Bond market watchers reportedly said at the time that the bond deal was likely deliberately timed to antagonize the West and show that the Kremlin still had access to capital markets, despite international condemnation of the shares. Who is sure to know? But investors were certainly not put off. Until now, and not necessarily by choice.
International investment funds with significant exposure to Russia – including those domiciled in Ireland – have suffered large outflows and, in some cases, temporary suspensions, as Western allies have unleashed waves of sanctions against entities and Russian individuals following the war against Ukraine over the past two weeks.
The sanctions also affected most Russian securities exchanges.
Russian sovereign bonds listed in Ireland have also been suspended, removing their ability to be traded on exchanges and limiting investors’ ability to buy and sell them on the more common over-the-counter market.
The Institute of International Finance, the trade association for the global financial services industry, forecast on Thursday that Western sanctions – including cutting several Russian banks from the Swift international payments messaging system and freezing much of of Moscow’s $640 billion in foreign exchange reserves – have triggered a severe recession in Russia that will see its economy shrink by 15% this year.
That would amount to a collapse worse than the Great Recession of 2008-2009 and the Russian debt crisis of 1998 combined.
Fitch, the debt rating agency, came out this week to warn that a Russian default ‘is imminent’, as it cut its stance on the country nine levels deep in territory junk bonds. The International Monetary Fund followed up on Thursday, warning that the prospect of the country forgoing debt is no longer “an unlikely event”.
Of course, the markets are already ahead. Trading in a form of insurance in financial markets – known as credit default swaps – against non-payment by Russia has soared in the past two weeks. The latest price of these instruments suggests a default of 70% within a year.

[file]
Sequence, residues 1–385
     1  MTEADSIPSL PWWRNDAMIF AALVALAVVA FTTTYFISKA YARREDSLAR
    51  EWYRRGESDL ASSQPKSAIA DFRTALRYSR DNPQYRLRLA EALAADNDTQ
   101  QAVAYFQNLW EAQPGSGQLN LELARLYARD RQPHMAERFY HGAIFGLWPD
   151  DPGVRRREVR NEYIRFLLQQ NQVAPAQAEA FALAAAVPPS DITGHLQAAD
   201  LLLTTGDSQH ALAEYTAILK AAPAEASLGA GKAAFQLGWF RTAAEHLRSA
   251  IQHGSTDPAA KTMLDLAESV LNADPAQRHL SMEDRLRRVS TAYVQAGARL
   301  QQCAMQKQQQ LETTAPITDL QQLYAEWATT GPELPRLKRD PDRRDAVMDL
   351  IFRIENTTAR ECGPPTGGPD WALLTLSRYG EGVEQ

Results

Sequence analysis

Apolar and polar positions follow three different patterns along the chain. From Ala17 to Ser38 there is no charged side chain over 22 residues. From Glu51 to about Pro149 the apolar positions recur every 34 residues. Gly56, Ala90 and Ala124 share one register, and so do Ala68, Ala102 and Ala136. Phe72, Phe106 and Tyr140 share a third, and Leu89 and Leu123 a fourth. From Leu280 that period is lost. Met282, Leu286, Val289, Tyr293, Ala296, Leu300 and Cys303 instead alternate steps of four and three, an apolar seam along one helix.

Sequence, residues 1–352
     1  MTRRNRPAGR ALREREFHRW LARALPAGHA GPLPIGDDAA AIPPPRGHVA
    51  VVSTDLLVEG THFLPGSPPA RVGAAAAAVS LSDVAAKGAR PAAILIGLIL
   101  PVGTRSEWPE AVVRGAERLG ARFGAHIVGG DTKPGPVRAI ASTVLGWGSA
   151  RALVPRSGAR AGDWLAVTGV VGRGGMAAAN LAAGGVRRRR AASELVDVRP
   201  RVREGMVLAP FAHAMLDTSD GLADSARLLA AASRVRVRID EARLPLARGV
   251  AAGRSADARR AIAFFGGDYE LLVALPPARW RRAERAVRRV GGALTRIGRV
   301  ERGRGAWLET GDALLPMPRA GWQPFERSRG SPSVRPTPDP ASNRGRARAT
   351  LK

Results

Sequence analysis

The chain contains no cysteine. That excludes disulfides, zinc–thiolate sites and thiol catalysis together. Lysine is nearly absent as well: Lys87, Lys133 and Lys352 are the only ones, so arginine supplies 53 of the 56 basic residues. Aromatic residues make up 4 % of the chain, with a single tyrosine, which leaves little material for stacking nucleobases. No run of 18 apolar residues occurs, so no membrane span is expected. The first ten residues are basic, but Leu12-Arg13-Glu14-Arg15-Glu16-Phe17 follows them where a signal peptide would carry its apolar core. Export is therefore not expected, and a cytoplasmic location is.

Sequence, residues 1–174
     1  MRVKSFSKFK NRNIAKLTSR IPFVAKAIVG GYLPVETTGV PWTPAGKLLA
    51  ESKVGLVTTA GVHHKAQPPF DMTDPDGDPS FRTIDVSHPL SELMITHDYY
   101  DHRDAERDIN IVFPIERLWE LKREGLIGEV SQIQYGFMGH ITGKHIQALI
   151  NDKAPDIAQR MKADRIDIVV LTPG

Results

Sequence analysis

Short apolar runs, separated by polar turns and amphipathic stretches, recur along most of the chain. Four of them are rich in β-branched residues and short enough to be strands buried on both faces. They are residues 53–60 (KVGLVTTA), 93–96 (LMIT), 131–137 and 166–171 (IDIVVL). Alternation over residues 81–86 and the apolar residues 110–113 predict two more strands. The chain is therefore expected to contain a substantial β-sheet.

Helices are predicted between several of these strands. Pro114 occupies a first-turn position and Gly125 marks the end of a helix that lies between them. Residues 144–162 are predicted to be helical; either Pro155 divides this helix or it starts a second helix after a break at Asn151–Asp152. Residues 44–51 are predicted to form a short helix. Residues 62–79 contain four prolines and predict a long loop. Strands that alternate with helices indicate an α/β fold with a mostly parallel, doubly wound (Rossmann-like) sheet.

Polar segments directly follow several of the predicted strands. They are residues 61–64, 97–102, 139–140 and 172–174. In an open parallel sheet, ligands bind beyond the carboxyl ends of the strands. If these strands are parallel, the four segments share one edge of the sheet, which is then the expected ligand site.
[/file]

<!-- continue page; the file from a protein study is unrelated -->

Some $65.6 million of a semi-annual coupon payment on $3 billion of Dublin-listed bonds is due March 21 (about a week after Russia faced $107 million in coupon payments). interest on other foreign bonds).
Meanwhile, around $102 million in interest is expected to be paid on a $4 billion Irish-listed bond at the end of the month. Russia has a grace period of 30 calendar days to make payments before going into default.
The earliest maturity date for a Dublin-listed bond is April 2025, by which time $1 billion of debt is expected to be fully repaid. Elsewhere, Russia faces a principal repayment of $359 million on March 31, followed by a larger $2 billion bond that matures on April 4.
Although Ireland is the official home of Russia-linked financing SPVs holding €37 billion in assets and €11.4 billion in Russian stocks and bonds (out of a total of €4 trillion of state-domiciled international fund assets), according to end-2021 Central Bank data, direct domestic exposure is minimal. Insurance companies hold less than 100 million euros in Russian assets and households about 1 million euros.
But, of course, the conflict is wreaking havoc elsewhere in global financial markets, with oil and other commodity prices soaring, causing problems for the global economy and potentially depressing growth.
A Russian default would hit emerging markets first, analysts say. But that would surely reverberate much further afield.